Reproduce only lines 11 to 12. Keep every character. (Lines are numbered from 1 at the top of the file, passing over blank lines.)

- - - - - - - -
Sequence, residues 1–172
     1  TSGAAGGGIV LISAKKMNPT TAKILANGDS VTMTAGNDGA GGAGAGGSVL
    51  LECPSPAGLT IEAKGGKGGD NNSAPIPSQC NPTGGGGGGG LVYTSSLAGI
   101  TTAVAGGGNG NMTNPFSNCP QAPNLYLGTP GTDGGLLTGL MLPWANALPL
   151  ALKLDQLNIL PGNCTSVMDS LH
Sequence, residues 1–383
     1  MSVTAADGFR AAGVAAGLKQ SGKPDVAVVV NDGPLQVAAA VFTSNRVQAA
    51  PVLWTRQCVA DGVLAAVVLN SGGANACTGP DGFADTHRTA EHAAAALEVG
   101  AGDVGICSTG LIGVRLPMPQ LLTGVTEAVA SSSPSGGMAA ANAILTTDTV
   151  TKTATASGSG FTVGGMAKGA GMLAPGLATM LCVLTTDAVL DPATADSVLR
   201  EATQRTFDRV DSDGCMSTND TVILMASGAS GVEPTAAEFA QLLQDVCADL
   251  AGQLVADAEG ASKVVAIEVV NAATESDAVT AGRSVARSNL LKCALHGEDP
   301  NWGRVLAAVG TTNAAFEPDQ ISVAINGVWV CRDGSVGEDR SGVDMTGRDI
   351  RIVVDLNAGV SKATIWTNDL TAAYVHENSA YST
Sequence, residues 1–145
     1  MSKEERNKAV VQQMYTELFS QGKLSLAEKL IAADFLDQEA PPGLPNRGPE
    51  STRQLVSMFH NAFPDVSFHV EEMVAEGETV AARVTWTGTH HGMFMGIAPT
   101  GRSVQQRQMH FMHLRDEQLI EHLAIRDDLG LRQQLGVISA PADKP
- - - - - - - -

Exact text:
   201  EATQRTFDRV DSDGCMSTND TVILMASGAS GVEPTAAEFA QLLQDVCADL
   251  AGQLVADAEG ASKVVAIEVV NAATESDAVT AGRSVARSNL LKCALHGEDP